Current Awareness in Aging Research (CAAR) Report #284--April 21, 2005


CAAR (Current Awareness in Aging Research) is a weekly email report produced by the Center for Demography of Health and Aging at the University of Wisconsin-Madison that helps researchers keep up to date with the latest developments in the field. For more information, including an archive of back issues and subscription information see:


I. Reports and articles:

1. URBAN INSTITUTE BRIEF: "Options for Reforming the Estate Tax," by William G. Gale, Leonard E. Burman, and Jeff Rohaly (_Tax Notes_, April 18, 2005, .pdf format, p. 379-385).

2. BROOKINGS INSTITUTE REPORT: "Restoring Fiscal Sanity 2005: Meeting the Long-Run Challenge," by Alice M. Rivlin and Isabel V. Sawhill (April 2005, .pdf format, 138p.). Note: Chapters 3 and 4 will be of particular interest to aging researchers.


"This report provides an in-depth assessment of the long-run outlook for the federal budget. Increased longevity, the retirement of the large baby boom generation, and rapidly increasing medical costs will drive spending on Social Security, Medicare, and Medicaid sharply upward over the next three decades unless their current structure is radically changed. The report suggests specific steps that could be taken to increase government revenues and reduce spending, especially on the big three entitlement programs."


A. "Low-Income Subsidies for the Medicare Prescription Drug Benefit: The Impact of the Asset Test," by Thomas Rice and Katherine A. Desmond (April 2005, .pdf format, 33p.).

Follow the "Report" link.

B. "The Public On Prescription Drugs For Seniors," (Kaiser Health Poll Report March/April 2005 Edition).


A. "New aged care places give older Australians more choice," (April 21, 2005).

B. "Planning the future of the aged care workforce," (April 21, 2005).


A. "Complement Factor H Polymorphism in Age-Related Macular Degeneration," by Robert J. Klein, Caroline Zeiss, Emily Y. Chew, Jen-Yue Tsai, Richard S. Sackler, Chad Haynes, Alice K. Henning, John Paul SanGiovanni, Shrikant M. Mane, Susan T. Mayne, Michael B. Bracken, Frederick L. Ferris, Jurg Ott, Colin Barnstable, and Josephine Hoh (_Science_, vol. 308, no. 5720, April 15, 2005, .pdf and HTML format, p. 385-389).

B. "Complement Factor H Variant Increases the Risk of Age-Related Macular Degeneration," by Jonathan L. Haines, Michael A. Hauser, Silke Schmidt, William K. Scott, Lana M. Olson, Paul Gallins, Kylee L. Spencer, Shu Ying Kwan, Maher Noureddine, John R. Gilbert, Nathalie Schnetz-Boutaud, Anita Agarwal, Eric A. Postel, and Margaret A. Pericak-Vance (_Science_, vol. 308, no. 5720, April 15, 2005, .pdf and HTML format, p. 419-421).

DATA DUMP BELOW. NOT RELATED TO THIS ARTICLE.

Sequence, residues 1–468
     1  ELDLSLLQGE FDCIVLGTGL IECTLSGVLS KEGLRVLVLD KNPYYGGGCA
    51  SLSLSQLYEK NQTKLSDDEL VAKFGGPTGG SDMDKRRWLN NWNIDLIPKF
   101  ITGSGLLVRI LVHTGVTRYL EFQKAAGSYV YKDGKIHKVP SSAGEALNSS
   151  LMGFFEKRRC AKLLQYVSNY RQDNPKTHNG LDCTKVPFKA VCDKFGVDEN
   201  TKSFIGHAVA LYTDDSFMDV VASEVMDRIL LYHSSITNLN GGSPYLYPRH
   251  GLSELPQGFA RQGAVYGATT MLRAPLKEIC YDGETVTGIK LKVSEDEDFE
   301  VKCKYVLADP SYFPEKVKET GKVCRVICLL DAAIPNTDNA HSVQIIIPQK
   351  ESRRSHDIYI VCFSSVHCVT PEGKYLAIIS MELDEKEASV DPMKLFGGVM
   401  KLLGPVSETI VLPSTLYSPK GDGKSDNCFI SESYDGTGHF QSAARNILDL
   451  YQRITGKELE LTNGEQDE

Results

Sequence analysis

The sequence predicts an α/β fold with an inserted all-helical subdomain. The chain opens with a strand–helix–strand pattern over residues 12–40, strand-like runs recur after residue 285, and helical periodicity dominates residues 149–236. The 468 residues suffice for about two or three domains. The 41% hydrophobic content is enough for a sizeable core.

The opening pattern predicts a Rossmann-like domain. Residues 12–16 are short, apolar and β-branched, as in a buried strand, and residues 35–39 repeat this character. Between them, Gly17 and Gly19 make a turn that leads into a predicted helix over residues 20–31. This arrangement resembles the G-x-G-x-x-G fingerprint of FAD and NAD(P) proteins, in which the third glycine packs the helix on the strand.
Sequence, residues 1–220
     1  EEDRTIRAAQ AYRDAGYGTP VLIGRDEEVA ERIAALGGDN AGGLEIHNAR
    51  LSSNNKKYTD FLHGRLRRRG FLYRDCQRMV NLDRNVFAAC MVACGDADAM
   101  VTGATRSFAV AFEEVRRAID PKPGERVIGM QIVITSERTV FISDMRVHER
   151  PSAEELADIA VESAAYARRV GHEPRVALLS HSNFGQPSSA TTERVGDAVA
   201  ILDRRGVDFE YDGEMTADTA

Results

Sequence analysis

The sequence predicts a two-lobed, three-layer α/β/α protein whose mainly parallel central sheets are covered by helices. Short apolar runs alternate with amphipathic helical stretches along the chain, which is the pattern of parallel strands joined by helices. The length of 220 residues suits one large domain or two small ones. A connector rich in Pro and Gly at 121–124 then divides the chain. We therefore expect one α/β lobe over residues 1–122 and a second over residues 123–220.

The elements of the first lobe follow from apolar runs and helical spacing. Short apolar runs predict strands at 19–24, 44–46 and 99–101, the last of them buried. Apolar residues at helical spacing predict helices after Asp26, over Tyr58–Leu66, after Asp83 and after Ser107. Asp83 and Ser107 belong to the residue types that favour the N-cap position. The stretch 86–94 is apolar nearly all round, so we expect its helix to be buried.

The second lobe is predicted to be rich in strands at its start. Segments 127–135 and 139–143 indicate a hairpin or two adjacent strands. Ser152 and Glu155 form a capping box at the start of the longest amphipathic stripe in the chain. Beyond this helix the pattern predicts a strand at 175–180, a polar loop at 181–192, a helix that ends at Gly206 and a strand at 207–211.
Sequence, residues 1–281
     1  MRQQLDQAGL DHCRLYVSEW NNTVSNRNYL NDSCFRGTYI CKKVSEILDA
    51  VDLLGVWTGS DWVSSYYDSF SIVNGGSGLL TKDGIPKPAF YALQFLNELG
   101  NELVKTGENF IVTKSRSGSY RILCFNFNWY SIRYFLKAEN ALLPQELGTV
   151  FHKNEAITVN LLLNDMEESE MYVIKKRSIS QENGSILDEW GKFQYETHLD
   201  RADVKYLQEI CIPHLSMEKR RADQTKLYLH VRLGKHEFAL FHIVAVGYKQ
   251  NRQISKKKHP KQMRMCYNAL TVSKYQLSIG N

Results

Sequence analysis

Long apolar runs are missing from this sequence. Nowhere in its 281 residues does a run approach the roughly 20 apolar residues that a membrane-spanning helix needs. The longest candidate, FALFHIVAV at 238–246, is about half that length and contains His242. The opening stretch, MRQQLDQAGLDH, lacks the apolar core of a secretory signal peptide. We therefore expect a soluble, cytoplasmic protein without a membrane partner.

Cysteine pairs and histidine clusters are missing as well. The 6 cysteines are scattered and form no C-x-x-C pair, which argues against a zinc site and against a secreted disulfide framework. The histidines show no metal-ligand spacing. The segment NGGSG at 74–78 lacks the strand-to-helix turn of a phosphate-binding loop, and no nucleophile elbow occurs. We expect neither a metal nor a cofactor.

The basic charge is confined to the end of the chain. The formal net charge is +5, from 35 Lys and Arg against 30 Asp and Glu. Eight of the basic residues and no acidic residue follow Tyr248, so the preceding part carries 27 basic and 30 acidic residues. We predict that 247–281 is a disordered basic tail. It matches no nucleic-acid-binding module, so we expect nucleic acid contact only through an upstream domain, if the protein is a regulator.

C. "Complement Factor H Polymorphism and Age-Related Macular Degeneration," by Albert O. Edwards, Robert Ritter, III, Kenneth J. Abel, Alisa Manning, Carolien Panhuysen, and Lindsay A. Farrer (_Science_, vol. 308, no. 5720, April 15, 2005, .pdf and HTML format, p. 421-424).


A. "Mutations in PTEN-induced putative kinase 1 associated with recessive parkinsonism have differential effects on protein stability," by Alexandra Beilina, Marcel Van Der Brug, Rili Ahmad, Sashi Kesavapany, David W. Miller, Gregory A. Petsko, and Mark R. Cookson (_Proceedings of the National Academy of Sciences_, vol. 102, no. 16, April 19, 2005, .pdf and HTML format, p. 5703-5708).

B. "Late-onset motoneuron disease caused by a functionally modified AMPA receptor subunit," by Rohini Kuner, Anthony J. Groom, Iris Bresink, Hans-Christian Kornau, Vanya Stefovska, Gerald Müller, Bettina Hartmann, Karsten Tschauner, Stefan Waibel, Albert C. Ludolph, Chrysanthy Ikonomidou, Peter H. Seeburg, and Lechoslaw Turski (_Proceedings of the National Academy of Sciences_, vol. 102, no. 16, April 19, 2005, .pdf and HTML format, p. 5826-5831).

7. _HEALTH AFFAIRS_ ARTICLE: "Prescription Drug Coverage And Seniors: Findings From A 2003 National Survey," by Dana Gelb Safran, Patricia Neuman, Cathy Schoen, Michelle S. Kitchman, Ira B. Wilson, Barbara Cooper, Angela Li, Hong Chang, and William H. Rogers (_Health Affairs_, April 19, 2005, .pdf and HTML format).

Links to a news release, the full-text article, and additional charts are available from the Kaiser Family Foundation at:


A. "Role of multivitamins and mineral supplements in preventing infections in elderly people: systematic review and meta-analysis of randomised controlled trials," by Alia El-Kadiki and Alexander J. Sutton (_British Medical Journal_, vol. 330, no. 7496, April 16, 2005, .pdf and HTML format, 871p.).